Challenges facing NGOs in Russia
Extracts from an article in Moscow Times, by Vladimir
Ryzhkov, on 21 May:
“Operation Total Eradication of NGOs”
many initially thought that the government’s repressive new law aimed
at nongovernmental organizations and the so-called “Dima
Yakovlev” law, which bans U.S. citizens from adopting Russian
orphans, represented a surgical attack against a few undesirable
organizations, it has now become clear that the authorities are intent
on completely eradicating all remnants of civil society.
goal is to completely block foreign funding of all NGOs and to
shut down those that resist the ban or the requirement to label
themselves as “foreign agents.” Meanwhile, it has stepped up funding
of Kremlin-friendly NGOs by allocating grants through the Public
Chamber and money through regional budgets to create a wide
network of NGOs that are completely dependent on the authorities
for their existence. Since Russian businesses do not fund NGOs unless they
have been directed or given approval to do so by the authorities,
independent NGOs will disappear altogether, leaving only those that are loyal
to the authorities. Thus, Kremlin-friendly NGOs will be added to the
Kremlin’s vertical-power arsenal, along with the courts,
the siloviki, mainstream media and the State Duma.
special operation involving the Kremlin, State Duma, Prosecutor General’s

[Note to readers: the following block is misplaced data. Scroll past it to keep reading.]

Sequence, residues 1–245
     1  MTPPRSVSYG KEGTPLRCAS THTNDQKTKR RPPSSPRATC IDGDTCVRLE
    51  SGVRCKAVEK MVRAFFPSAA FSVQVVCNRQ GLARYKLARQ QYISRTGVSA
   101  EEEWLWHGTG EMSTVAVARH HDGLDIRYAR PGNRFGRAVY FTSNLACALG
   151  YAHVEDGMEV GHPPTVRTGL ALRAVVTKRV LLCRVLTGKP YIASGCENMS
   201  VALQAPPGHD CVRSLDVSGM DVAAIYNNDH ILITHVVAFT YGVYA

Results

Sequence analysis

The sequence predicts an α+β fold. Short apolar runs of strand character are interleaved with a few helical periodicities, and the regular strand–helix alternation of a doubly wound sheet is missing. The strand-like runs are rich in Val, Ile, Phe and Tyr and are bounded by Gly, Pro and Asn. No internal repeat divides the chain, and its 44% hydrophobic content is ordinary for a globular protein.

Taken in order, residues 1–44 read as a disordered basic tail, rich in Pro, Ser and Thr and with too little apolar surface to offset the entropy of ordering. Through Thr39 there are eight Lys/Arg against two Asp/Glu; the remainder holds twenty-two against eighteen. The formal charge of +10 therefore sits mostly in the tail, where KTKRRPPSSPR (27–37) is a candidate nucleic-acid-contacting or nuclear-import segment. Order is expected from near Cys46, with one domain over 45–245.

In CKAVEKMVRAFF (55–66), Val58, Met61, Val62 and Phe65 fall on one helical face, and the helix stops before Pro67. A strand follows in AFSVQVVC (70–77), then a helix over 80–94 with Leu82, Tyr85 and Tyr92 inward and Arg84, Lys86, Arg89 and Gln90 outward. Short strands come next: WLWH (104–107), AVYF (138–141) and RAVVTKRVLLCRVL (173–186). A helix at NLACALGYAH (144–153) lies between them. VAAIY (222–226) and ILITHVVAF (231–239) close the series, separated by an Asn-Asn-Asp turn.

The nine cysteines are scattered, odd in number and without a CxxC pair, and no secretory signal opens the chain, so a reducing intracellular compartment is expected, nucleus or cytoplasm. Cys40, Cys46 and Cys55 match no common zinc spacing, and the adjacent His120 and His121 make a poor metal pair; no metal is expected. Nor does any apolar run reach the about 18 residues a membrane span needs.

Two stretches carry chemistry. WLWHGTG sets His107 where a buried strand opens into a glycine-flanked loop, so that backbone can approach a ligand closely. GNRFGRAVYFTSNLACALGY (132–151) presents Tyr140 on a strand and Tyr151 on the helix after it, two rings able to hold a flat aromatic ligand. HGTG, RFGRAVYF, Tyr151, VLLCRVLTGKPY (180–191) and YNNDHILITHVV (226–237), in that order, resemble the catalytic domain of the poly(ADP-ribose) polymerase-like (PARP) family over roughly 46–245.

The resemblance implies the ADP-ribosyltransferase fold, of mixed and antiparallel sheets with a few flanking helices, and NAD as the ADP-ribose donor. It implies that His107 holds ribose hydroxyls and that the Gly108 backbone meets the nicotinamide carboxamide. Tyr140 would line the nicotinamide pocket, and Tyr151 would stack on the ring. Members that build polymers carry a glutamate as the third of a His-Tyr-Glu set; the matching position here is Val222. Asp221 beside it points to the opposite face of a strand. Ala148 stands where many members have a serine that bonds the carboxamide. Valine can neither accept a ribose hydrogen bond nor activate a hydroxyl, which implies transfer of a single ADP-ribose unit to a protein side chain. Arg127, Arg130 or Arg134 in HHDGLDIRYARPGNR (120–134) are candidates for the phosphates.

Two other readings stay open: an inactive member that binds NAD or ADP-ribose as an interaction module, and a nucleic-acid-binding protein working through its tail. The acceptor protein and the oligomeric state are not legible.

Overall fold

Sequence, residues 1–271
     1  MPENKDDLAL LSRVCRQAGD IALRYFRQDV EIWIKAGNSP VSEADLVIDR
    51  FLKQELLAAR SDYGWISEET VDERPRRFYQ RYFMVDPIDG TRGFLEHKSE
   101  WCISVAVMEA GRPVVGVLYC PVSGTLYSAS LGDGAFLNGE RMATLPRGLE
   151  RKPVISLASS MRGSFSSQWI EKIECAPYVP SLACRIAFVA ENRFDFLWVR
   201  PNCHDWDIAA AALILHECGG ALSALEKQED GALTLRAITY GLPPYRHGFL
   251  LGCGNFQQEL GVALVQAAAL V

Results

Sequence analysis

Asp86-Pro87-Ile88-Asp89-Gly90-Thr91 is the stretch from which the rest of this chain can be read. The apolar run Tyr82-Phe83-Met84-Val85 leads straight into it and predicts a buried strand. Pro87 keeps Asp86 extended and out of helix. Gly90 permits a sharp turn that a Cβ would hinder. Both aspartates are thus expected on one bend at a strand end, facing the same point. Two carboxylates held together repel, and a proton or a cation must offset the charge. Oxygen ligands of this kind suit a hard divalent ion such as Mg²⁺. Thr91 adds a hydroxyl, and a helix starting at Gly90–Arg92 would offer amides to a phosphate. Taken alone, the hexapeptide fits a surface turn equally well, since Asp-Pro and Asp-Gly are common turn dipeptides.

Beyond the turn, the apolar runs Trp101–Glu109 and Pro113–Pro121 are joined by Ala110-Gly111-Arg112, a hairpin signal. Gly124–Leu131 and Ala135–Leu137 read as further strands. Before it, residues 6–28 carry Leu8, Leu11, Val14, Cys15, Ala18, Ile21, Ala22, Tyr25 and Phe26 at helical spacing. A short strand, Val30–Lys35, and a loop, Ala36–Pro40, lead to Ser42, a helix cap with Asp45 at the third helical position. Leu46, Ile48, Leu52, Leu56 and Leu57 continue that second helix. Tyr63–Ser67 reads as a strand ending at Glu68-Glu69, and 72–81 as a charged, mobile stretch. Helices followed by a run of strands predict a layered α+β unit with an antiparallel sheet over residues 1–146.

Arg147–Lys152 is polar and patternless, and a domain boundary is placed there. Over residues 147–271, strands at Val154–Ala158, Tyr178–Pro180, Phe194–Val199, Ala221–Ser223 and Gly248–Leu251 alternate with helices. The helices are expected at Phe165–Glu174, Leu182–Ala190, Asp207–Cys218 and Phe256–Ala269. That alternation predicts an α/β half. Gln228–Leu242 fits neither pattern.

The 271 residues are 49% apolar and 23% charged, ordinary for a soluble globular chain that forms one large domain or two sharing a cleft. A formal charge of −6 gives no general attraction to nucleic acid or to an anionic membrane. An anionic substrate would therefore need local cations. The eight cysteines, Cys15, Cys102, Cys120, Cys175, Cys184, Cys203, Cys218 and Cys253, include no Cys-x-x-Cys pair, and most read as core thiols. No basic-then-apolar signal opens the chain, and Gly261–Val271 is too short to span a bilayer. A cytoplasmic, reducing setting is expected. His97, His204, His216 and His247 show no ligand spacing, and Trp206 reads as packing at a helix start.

Office, Justice Ministry and other government agencies is underway
to eliminate all independent NGOs.
special operation involving the siloviki is underway to eliminate all
blow was strategically directed against the most powerful
and influential NGOs that have been irritating the Kremlin
for years with their investigations that reveal gross abuses
of power, corruption and violations of human rights. ….
society is beginning to realize the scale of the unfolding
disaster. The Presidential Council on Human Rights has appealed
to Putin to repeal the law or to urgently introduce
mitigating amendments to it.
Published by The Moscow Times
2013 | Issue 5119
from article by Victor Davidoff in Moscow Times
256 NGOs in 55 regions have been checked, according to the Agora
human rights association. In some cities, like Omsk, organizational checks
have given way to interrogation of their employees. The police
visited civic activists at home, asking questions about their involvement
in oppositional activities and their foreign friends.
In Krasnodar, the FSB arrested the director of the grant
program of the Southern Regional NGO Resource Center, Professor Mikhail
Savva. Although officially he is charged with embezzlement of grant funds
received from the local government, the involvement of the FSB
indicates the arrest’s political underpinning. During the search
of Savva’s home, all photographs taken abroad were confiscated, as were
his daughter’s foreign language textbooks.
broad understanding of “political activity” essentially equates
any civic activity with the battle for power. Igor Sazhin, the chairman
of the Memorial in Komi, discussed this issue with representatives
of the local prosecutor’s office and came to a conclusion that
“our prosecutors consider any contact with the authorities to be
‘politics,'” as he wrote on the LiveJournal blog. “Our charter contains
the phrase ‘assisting the authorities’ and the prosecutors call
of this absurd drama was a demand to the Moscow Organization
of Aid to Patients with Cystic Fibrosis that it register as foreign agents
sen. As the warning from the prosecutor’s office makes clear,
the organization’s goals of “submitting suggestions
to government agencies” is considered political activity.
The Moscow Times